In Which I Clothe Myself in Sackcloth and Ashes

Today is Ash Wednesday, if you follow the liturgical calendar. I do. There is a poem written by T.S. Elliot, his first long poem after his conversion to Anglicanism (which I as an Episcopalian am particularly taken with), which tells a wonderful story of what Ash Wednesday might be. You can read the whole thing here (it’s long) but here is a part, the very end of the poem, which especially speaks to me at the beginning of this season of Lent:

Blessed sister, holy mother, spirit of the fountain, spirit of the garden,
Suffer us not to mock ourselves with falsehood
Teach us to care and not to care
Teach us to sit still
Even among these rocks,
Our peace in His will
And even among these rocks
Sister, mother
And spirit of the river, spirit of the sea,
Suffer me not to be separated

And let my cry come unto Thee.

At Lent you’re supposed to give up something as a sort of sacrifice, but last year a girl I know told me that rather than giving something up, she was taking something on. In her case, that meant going to church more. I liked that idea quite a bit, taking on the going to church and thereby sacrificing her Sunday mornings. For me, this year, I am taking on a couple practices which I hope will lead me to a deeper spirituality. On mornings when I don’t have an early class at school (Sunday, Monday, Wednesday, and Saturday) I’m going to be doing yoga. In the evenings before I go to bed I will be performing centering prayer and meditation as I come down from the day and center myself to sleep and face a new day in the morning. I’ve done centering prayer before and found it really valuable, and as for the yoga… I’m almost absurdly inflexible so I’m hoping that will change in addition to the calmness brought about by the breathing exercises. I am excited to see what forty days of meditation and yoga will do.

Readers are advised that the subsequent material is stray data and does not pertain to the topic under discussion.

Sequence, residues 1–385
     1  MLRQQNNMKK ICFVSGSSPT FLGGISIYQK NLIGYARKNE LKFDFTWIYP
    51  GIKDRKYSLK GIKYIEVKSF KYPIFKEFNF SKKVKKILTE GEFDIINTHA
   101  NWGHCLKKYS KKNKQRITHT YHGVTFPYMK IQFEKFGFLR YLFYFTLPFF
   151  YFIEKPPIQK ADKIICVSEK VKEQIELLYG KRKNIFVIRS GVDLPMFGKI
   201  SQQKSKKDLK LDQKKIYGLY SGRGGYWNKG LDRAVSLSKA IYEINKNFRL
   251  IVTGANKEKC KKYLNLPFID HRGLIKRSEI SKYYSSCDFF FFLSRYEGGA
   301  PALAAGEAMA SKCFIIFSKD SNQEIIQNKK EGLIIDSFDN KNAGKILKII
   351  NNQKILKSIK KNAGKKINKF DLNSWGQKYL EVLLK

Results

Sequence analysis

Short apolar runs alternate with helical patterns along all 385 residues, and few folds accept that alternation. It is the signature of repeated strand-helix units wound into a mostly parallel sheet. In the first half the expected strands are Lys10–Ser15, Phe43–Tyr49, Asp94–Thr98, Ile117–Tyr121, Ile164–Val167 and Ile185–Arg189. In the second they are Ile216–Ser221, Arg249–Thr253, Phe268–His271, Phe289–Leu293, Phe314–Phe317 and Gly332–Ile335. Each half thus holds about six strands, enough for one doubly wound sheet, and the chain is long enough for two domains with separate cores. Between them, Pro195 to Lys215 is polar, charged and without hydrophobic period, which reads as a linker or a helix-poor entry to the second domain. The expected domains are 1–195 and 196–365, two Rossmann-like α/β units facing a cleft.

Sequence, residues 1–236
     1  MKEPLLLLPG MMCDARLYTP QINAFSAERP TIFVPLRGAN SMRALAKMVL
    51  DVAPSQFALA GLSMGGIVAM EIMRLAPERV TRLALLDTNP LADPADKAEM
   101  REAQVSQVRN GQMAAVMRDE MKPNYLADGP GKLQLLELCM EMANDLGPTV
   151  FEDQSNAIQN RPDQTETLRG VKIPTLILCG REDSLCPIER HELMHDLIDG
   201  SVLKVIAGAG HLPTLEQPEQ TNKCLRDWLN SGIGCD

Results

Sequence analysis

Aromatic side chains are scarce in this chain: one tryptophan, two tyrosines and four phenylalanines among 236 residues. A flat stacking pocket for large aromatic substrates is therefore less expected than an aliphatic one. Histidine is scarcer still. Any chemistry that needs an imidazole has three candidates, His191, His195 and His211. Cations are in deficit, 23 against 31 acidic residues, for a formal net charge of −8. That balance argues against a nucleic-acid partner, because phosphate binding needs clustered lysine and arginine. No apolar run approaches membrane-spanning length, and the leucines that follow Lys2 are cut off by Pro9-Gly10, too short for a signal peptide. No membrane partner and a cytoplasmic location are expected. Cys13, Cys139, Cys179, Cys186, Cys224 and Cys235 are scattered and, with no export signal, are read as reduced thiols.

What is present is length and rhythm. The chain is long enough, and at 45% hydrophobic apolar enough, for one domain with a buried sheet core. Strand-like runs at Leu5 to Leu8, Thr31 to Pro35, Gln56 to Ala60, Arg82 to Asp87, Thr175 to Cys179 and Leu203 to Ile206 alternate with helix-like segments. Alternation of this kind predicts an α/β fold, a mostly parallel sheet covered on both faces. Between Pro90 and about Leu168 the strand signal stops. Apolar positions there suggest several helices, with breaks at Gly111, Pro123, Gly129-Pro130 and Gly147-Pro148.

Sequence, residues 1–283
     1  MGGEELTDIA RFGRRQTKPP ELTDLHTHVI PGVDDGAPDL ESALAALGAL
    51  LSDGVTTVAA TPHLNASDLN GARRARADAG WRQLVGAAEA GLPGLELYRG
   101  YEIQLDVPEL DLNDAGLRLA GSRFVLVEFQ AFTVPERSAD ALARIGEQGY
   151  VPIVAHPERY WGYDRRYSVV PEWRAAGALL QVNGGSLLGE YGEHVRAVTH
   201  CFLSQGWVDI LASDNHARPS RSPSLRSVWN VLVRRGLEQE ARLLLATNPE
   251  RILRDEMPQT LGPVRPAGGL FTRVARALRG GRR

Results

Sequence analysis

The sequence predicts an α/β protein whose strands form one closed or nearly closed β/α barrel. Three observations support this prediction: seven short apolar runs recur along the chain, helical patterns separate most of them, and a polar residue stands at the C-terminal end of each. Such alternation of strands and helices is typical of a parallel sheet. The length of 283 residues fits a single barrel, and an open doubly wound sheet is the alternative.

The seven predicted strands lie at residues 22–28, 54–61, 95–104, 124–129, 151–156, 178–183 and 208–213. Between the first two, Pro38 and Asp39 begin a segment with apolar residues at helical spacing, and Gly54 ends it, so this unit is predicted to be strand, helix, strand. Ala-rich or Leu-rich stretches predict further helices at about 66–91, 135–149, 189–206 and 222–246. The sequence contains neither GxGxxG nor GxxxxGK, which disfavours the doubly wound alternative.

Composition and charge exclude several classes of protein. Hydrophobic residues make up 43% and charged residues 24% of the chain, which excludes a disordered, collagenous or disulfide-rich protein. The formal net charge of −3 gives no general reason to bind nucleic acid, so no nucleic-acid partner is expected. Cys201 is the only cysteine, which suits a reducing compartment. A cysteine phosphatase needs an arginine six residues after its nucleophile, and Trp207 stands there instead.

Memento homo, quia pulvis es, et pulverem reverteris. Remember, O man, that you are dust, and unto dust you shall return.


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